King Boxer

King Boxer (Chinese: Tiān xià dì yī quán, lit. "Number One Fist in the World"), also known as Five Fingers of Death, is a 1972 Hong Kong martial arts film directed by Jeong Chang-hwa (鄭昌和 정창화) and starring Lo Lieh. It was produced by Shaw Brothers (HK) Ltd. (Chinese: 邵氏兄弟(香港)公司), the largest Hong Kong movie production studio at the time. The script was written by Chiang Yang (江陽). Made in Hong Kong, it is one of many kung fu movies with Indonesian-born actor Lo Lieh (羅烈) in the lead. He appeared in many similar martial arts film efforts from the 1960s, pre-dating the more internationally successful Bruce Lee.

King Boxer
MandarinTiān xià dì yī quán
CantoneseTin1 haa6 dai6 jat1 kyun4
Directed byJeong Chang-hwa
Produced byRun-run Shaw
Screenplay byChiang Yang
Music byChen Yung-yu
CinematographyWang Yung-lung
Edited by
  • Chiang Hsing-lung
  • Fan Kung-yung
Distributed byWarner Bros. (USA)
Celestial Pictures (current)
Release date
April 28, 1972
(Hong Kong)
Running time
97 minutes
CountryHong Kong
Box officeUS$10 million (rentals)

Released in the United States by Warner Bros. in March 1973 as Five Fingers of Death, the film capitalized on the success of Warner's TV series Kung Fu[1] and was responsible for beginning the North American kung fu film craze of the 1970s with over 30 similar films being released in the U.S. in 1973 alone. Warners followed it with the first U.S.-Chinese Kung Fu co-production Enter the Dragon released later that same year which was the most successful of the chopsocky films of 1973.[2]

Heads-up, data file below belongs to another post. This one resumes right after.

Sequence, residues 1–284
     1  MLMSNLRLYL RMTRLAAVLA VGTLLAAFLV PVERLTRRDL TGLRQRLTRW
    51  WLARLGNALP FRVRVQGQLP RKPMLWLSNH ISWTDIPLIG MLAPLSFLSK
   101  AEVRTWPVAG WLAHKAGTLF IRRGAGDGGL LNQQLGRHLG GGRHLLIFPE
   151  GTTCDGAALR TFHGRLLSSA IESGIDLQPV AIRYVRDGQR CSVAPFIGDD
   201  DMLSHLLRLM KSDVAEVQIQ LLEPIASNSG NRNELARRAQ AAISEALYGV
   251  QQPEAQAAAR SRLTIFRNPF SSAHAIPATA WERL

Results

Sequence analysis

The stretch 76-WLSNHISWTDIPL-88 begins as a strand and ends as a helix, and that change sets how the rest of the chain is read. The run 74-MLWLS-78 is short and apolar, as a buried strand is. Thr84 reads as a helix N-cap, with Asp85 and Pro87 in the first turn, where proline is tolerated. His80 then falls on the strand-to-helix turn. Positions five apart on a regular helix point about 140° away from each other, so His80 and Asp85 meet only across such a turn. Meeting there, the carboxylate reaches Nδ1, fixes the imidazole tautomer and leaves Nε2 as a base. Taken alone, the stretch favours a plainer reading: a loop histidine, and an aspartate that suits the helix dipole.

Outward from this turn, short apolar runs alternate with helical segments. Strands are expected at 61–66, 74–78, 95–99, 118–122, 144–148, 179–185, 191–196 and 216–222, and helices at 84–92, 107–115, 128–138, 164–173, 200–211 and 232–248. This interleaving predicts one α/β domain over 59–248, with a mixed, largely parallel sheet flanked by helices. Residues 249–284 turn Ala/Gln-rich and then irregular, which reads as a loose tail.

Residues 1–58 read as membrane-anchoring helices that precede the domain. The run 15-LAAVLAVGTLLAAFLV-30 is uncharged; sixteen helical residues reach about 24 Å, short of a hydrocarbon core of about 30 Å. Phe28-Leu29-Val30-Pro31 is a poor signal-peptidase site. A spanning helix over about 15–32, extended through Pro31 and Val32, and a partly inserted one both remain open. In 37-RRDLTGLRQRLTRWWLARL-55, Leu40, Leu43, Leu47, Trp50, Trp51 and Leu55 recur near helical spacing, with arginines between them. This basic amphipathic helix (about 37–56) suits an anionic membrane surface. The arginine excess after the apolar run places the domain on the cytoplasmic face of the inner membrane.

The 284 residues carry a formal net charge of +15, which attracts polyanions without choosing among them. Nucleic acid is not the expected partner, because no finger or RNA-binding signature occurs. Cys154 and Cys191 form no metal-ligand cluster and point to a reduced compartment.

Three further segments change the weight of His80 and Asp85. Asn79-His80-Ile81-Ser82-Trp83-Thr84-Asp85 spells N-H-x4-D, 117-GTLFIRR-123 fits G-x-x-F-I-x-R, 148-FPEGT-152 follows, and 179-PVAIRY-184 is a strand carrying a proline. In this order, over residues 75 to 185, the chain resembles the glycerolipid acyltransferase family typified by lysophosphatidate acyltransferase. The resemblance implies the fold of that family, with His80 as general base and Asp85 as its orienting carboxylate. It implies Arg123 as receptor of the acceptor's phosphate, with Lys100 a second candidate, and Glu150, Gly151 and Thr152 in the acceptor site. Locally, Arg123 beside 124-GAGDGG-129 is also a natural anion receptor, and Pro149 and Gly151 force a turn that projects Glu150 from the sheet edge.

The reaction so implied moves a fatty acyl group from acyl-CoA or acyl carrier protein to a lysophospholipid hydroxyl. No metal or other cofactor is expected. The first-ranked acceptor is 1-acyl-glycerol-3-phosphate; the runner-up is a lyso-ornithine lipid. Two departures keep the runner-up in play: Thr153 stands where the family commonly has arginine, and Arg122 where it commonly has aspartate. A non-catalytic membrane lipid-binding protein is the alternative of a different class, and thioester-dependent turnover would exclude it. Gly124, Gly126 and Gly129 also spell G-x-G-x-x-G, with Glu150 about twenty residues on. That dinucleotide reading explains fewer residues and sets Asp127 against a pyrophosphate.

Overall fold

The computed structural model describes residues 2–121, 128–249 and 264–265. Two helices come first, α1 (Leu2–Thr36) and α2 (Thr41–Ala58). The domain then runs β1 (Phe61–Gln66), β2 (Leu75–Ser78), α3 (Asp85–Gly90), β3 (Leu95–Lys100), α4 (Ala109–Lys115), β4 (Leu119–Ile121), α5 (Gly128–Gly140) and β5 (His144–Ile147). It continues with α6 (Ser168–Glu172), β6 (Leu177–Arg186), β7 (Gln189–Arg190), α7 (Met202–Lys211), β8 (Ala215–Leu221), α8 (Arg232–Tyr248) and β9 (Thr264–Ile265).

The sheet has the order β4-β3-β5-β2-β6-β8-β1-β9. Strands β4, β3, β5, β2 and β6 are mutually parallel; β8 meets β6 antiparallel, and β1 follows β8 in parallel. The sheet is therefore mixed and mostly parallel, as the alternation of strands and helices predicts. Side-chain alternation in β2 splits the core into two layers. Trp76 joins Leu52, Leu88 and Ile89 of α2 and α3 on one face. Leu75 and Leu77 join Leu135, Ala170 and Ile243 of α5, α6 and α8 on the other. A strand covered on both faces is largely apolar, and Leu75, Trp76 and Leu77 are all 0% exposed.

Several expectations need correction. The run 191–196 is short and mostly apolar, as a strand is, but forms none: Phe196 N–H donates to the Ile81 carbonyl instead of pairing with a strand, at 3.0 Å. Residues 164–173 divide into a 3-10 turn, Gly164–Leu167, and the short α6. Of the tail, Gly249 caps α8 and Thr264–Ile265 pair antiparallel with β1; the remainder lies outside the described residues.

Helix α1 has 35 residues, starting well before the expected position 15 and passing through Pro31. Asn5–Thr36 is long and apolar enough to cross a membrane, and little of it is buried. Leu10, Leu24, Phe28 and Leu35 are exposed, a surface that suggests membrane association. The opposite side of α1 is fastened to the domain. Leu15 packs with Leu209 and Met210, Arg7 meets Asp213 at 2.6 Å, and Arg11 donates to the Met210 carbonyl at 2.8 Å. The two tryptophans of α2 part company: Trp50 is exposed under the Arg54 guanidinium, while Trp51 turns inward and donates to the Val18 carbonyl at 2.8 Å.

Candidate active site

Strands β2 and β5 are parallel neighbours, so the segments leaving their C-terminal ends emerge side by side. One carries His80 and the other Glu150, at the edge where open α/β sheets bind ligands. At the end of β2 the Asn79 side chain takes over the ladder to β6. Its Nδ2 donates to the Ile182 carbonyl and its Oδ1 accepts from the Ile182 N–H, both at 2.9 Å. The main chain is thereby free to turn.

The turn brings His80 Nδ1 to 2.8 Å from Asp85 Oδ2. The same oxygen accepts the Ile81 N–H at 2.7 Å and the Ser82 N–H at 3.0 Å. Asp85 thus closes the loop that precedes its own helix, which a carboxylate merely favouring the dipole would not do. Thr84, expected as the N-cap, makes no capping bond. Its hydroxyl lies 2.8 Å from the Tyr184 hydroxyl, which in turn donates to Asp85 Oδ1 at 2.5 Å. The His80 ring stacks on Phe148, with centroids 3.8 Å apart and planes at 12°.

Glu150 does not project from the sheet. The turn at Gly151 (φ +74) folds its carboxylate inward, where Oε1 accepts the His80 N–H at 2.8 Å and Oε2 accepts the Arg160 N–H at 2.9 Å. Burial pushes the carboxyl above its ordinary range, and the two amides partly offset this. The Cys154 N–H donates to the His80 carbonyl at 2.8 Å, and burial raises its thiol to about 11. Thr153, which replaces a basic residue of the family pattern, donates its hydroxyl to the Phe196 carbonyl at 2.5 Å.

A promising young martial arts student named Chi-Hao has spent most of his life studying under a master and has fallen in love with the master's daughter Yin-Yin. After the master fails to properly fight off a group of thugs, he sends Chi-Hao to study under a superior master, Shen Chin-Pei. He instructs Chi-Hao to learn from Chin-Pei and defeat the local martial arts tyrant, Ming Dung-Shun, in an upcoming tournament in order to earn Yin-Yin's hand.

Chi-Hao meets a young female singer, Yen Chu Hung, on the road to the city and rescues her from Dung-Shun's thugs. She falls in love with him, but he resists her advances with difficulty. He reaches town and begins studying under Suen Chin-Pei. After an initial beating by Chin-Pei's star pupil, Han Lung, Chi-Hao improves rapidly. One day, another thug of Dung-Shun's, Chen Lang, breaks into the school and beats all of Chin-Pei's students. Chin-Pei finally arrives and fights him, but is struck by a dishonorable blow and severely wounded. Chi-Hao tracks Chen Lang down and defeats him. When Chin-Pei hears of this, he selects Chi-Hao to receive his most deadly secret, the Iron Fist.

Han Lung discovers that Chi-Hao has been chosen as Chin-Pei's successor and becomes intensely jealous. He conspires with Dung-Shun to have Chi-Hao crippled. He lures Chi-Hao into the forest, where Dung-Shun's three new Japanese thugs ambush him. They overpower him and break his hands. Later, they visit his old master's school and kill him as well. Yen helps Chi-Hao recuperate and again tries to woo him, but he resists her. Finally, Chi-Hao's fellow students locate him and encourage him to regain his fighting spirit. He begins training and soon overcomes his wounds. Yin-Yin arrives, but withholds the news of her father's death. A rejuvenated Chi-Hao successfully defeats all the other students to become Chin-Pei's representative for the upcoming tournament. Han Lung returns to Dung-Shun with the news, but Dung-Shun's son blinds him and casts him out.